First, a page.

Linus Torvalds, in response to a petition on Change.org to remove RdRand from /dev/random, has lambasted the petitioner by called him ignorant for not understanding the code in Linux Kernel.
Kyle Condon from UK raised a petition on Change.org to get Linus to remove RdRand from /dev/random in a bid “to improve the overall security of the linux kernel.” This petition seems to be a direct result of the recent NSA surveillance revelations where it was also believed that UK’s GCHQ was aiding the US spy agency in its activities.
In his response, Torvalds asked Condon and the supporters of the petition to gain an understanding of Linux drivers, cryptography and then “come back here and admit to the world that you were wrong.” Torvalds stressed that kernel maintainers knew what they were doing and the petitioner didn’t.
Elaborating the use of rdrand, Torvalds stated that the function was being used as just “_one_ of many inputs” to the random pool and that it was used to improve the overall randomness. Torvalds iterated that rdrand did in fact improve the overall quality of random numbers generated through /dev/random. Ending his reply with the statement “you’re ignorant.” The petition is now closed.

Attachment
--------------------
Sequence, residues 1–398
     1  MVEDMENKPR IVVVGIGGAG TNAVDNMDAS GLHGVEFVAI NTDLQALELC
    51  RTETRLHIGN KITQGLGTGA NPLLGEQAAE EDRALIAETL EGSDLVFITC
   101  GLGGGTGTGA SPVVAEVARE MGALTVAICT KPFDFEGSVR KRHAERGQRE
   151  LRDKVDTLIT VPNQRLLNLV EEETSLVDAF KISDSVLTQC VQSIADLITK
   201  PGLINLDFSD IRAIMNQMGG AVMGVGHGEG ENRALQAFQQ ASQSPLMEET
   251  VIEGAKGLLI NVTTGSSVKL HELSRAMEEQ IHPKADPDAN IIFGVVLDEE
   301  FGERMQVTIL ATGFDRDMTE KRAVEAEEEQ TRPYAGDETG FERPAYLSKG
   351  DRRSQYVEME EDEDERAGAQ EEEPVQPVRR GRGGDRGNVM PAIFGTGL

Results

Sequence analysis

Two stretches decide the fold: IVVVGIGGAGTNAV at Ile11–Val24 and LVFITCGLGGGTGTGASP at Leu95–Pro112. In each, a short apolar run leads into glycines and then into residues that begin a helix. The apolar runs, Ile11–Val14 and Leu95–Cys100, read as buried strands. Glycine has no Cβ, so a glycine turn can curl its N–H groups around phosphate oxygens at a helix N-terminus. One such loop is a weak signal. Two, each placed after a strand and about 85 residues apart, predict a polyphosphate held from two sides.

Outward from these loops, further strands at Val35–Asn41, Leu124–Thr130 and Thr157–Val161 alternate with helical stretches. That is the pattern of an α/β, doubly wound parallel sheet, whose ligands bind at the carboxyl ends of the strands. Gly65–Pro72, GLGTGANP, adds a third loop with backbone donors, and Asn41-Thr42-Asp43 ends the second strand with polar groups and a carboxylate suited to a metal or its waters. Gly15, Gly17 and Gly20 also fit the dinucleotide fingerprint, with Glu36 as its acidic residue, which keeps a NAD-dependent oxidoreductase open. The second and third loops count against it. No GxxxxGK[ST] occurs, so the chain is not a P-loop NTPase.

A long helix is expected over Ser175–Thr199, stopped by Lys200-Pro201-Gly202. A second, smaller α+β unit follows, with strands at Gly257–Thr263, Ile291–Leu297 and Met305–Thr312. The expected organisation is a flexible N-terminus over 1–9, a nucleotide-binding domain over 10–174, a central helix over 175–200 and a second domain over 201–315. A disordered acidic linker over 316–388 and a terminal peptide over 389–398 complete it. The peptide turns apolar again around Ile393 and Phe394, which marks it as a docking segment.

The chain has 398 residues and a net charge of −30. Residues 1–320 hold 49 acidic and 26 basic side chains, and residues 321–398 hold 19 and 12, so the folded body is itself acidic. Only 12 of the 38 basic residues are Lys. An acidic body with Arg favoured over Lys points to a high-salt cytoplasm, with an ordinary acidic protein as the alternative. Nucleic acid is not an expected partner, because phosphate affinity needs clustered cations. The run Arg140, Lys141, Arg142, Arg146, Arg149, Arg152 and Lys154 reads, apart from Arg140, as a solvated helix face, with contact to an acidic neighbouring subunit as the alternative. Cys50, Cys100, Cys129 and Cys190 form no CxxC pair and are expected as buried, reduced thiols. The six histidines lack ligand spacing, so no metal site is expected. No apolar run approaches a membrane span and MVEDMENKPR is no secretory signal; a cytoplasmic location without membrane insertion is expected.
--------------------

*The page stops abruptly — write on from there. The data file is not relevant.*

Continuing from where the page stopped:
Torvalds, in a similar outburst just yesterday, hoped that “ARM SoC hardware designers all die in some incredibly painful accident.” This came in response to a message from Kevin Hilman when he noted that there were quite a few conflicts in the ARM SoC pull request for Linux 3.12, which were a result of the platform changes conflicting with driver changes going in to the V4L tree.
“So if you see any, send them my love, and possibly puncture the brake-lines on their car and put a little surprise in their coffee, ok?”
Torvalds released Linux 3.11 last week and with Linux 3.12 merge window still open we could see quite a few new features in Linux 3.12. We have managed to dig around the mailing lists and listed out a few Linux 3.12 feature on ParityNews’ sister site here.